So they came up with a new listing process that said an endangered species was one that had lost at least 80 percent of its population during the past 10 years. That was such a high standard that not even the Florida panther — only 100 remain, but that's an increase over the previous decade — would qualify.
Meanwhile the system did little to protect the wildlife on the lowest rung, the species of special concern. Gopher tortoises were listed that way, and for 16 years, the state's wildlife agency issued permits allowing developers to bury them alive, suffocating them and all the other animals that use their burrows as a home.
The controversy boiled over in 2006, when wildlife commissioners cast a preliminary vote to lower manatees from endangered status to threatened, even though the species remained endangered on the federal list. A coalition of 17 environmental and animal welfare groups formally challenged that process, although the commission rejected the challenge.
Ultimately even Gov. Charlie Crist weighed in to oppose the move.
In 2007 the commissioners backpedaled. They dropped plans to reclassify the manatee, and ordered their staff to take yet another crack at fixing the species listing system.
For the next three years, "there was a lot of discussion," Haubold said. At the beginning, the commission's executive director, general counsel and three division directors "met every other week for four hours for six months," she said, and then there were 15 meetings with activists involved in the issue.
Haubold concedes that the wholesale adoption of the federal endangered list will result in some anomalies. For instance, brown pelicans had improved enough that they were just removed from the federal list (prior to the Deepwater Horizon oil spill, which apparently has killed hundreds of them), but they will still be listed by the state as "threatened."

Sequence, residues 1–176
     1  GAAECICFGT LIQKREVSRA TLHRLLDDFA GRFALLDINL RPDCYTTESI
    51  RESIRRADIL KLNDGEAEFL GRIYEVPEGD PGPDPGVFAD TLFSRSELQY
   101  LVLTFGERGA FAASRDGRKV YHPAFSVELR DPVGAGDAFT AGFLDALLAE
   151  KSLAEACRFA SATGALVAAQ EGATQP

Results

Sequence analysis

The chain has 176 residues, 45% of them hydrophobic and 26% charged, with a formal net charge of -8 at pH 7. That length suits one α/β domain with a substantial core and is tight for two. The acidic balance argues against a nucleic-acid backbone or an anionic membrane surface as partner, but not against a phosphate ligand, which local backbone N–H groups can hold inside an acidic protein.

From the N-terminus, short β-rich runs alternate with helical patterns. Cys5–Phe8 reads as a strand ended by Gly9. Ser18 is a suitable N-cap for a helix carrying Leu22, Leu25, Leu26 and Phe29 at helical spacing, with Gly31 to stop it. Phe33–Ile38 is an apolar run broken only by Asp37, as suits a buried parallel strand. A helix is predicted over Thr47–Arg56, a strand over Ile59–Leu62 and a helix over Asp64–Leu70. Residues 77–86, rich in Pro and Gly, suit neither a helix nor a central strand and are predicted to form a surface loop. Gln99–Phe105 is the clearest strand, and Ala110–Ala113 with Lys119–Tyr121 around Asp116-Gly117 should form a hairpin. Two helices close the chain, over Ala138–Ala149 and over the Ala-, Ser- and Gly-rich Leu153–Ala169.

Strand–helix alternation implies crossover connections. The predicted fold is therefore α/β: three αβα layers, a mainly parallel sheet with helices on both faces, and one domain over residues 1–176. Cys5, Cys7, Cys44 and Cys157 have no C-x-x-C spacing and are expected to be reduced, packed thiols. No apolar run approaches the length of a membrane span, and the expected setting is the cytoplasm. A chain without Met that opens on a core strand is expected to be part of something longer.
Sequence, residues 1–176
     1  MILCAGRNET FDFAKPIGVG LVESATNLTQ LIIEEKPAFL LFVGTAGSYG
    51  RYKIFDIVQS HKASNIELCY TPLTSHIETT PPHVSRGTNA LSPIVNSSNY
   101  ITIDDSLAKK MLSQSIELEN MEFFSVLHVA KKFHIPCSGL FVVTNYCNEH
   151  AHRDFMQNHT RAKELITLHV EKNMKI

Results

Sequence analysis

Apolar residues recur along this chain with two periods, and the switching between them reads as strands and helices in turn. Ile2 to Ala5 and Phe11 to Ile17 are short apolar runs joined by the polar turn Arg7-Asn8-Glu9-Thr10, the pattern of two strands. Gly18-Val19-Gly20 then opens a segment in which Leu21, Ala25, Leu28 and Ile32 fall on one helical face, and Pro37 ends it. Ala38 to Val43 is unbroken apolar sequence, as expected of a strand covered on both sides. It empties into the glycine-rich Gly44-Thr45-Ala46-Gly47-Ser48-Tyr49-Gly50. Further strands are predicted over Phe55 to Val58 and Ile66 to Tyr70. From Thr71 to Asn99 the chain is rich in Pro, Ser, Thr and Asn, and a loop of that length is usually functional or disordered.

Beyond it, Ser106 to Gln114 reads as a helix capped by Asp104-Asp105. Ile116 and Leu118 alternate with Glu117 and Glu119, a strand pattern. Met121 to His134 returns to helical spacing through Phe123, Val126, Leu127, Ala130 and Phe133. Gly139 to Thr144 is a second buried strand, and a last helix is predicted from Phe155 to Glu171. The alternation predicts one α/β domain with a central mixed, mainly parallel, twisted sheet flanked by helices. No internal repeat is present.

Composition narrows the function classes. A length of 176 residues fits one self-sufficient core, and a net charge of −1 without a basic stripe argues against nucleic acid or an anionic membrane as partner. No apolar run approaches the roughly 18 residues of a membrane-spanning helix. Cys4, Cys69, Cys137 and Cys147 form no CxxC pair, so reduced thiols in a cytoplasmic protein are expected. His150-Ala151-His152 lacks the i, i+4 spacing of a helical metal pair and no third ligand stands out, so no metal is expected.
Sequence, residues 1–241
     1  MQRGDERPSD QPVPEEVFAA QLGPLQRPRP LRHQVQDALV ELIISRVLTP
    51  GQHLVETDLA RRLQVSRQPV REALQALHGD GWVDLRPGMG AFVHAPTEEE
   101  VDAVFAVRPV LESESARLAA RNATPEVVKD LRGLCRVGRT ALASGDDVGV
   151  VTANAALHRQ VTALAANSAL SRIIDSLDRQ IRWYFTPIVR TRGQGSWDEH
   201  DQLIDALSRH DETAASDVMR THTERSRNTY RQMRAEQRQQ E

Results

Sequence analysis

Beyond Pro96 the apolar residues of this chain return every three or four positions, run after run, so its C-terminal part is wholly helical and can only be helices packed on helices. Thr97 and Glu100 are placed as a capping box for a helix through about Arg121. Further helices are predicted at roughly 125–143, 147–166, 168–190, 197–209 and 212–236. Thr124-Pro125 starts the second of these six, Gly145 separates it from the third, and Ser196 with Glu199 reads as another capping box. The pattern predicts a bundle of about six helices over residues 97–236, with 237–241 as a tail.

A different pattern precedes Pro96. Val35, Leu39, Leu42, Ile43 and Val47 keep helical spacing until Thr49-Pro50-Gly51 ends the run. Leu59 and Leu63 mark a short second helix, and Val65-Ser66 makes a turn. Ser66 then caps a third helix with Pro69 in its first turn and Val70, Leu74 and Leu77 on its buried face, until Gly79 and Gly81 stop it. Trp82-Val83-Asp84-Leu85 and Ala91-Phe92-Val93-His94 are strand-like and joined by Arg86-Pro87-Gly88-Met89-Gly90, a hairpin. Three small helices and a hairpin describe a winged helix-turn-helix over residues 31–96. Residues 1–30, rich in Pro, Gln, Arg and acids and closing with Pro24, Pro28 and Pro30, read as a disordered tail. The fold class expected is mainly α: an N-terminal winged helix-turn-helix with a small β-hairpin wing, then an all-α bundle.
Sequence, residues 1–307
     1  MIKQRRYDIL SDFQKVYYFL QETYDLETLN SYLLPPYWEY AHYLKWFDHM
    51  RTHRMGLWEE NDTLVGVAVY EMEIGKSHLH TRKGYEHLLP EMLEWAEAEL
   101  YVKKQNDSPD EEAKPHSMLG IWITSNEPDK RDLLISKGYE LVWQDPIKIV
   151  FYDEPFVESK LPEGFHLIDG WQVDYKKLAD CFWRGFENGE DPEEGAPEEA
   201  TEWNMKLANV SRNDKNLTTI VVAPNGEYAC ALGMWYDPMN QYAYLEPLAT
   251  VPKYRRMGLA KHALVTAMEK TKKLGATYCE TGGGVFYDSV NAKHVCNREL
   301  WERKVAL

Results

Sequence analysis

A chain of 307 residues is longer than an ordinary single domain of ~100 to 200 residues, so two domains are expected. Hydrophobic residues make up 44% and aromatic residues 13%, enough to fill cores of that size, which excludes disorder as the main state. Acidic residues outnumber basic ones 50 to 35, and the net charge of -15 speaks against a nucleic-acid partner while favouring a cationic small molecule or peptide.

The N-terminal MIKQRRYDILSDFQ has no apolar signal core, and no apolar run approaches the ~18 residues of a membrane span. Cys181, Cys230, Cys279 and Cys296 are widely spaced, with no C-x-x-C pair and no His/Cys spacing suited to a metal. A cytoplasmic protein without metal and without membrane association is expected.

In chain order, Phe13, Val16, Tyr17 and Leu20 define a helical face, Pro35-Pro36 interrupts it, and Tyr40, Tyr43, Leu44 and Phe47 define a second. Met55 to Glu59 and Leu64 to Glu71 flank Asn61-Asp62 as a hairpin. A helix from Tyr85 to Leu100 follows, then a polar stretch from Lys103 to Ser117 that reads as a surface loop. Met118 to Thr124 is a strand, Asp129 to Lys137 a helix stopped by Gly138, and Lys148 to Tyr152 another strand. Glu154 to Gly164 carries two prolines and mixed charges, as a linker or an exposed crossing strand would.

To Haubold, the big improvement in the new system is that it calls for writing management plans for every species on the state's list. The plans would cover everything from development permitting to future research needs.
However, another section of the proposal has hunters concerned. It calls for adopting the federal definition for what constitutes illegal "take" of a species. Unlike the state, the federal term includes not just killing or maiming an animal but also annoying or harassing it.
So if a hunter tries to scare a Florida black bear away from a deer feeder using firecrackers, "they are definitely annoying that bear," Cook warned. By the same token, he contended, hunters and hikers who pass near where sandhill cranes are feeding and prompt them to fly away may also be accused of "taking" the species which "subjects you to a violation charge and a ticket."
In response, Haubold said, "we've included some intent language (in the rules) to say that we did not intend to include lawful hunting and fishing" as harassing behavior. Nevertheless, she said, concerns persist, "but some of it has to do with this fear of the unknown."
Craig Pittman can be reached at firstname.lastname@example.org.